Remnants of Holme Oak Farm building, (Old Kirk Farm Cowshed). Location below.

Map Showing Location of Holme Oak Farm

Club History Revisited Part 2

Further to investigations into the clubhouse whereabouts it is now possible to confirm the location as Holme Oak Farm Sutton during the period of early 1930’s to the 1950’s.

Avril Smith wife of the late George Smith, (who was an East Hull Harrier in the 60’s to the 80’s) is actually the Granddaughter of John William Hakeney who leased the land to the Harriers in the early 1930’s.

The Clubhouse was one that the runners erected themselves on the Farm land of the Hakeney’s. The Clubhouse was supposed to have some sort of bathing area i.e. the old bath tub type. Avril seems to recall that someone named Green always remained behind after the runners had gone for a run, so the bath was filled and warmed for their return.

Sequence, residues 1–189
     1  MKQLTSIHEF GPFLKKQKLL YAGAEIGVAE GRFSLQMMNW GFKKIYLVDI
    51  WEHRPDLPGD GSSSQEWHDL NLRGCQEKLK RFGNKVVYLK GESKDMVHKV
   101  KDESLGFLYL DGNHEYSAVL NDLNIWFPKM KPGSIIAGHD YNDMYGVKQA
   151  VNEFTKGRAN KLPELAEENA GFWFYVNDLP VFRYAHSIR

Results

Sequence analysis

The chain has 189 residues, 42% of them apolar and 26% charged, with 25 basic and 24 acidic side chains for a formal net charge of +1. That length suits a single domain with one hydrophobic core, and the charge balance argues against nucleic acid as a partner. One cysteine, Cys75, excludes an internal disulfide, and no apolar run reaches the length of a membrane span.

Ethel HakeneyThe picture shows Ethel Hakeney sat on what may have been part of the old Oak Tree outside the Clubhouse. View behind is what is now Howdale Road Estate. (The Clubhouse itself was erected by the Members and rumoured to be the same one relocated from outside the Crown Inn.

Picture shows John and Martha with childrenEast Hull Harriers benefactor with his family circa 1930.

Picture shows John and Martha with children:- Left to Right  George, Ernest (back), Ethel (Front) and Edith.

Club History Part 3 The Major

Major George Henry Stone Born 1897 – Died 1969.

George’s daughter Margaret now 88 has fond memories of her father. The first being that she was told he falsified his age so that he could sign up for WW1. So in 1914 he joined the Royal Engineers.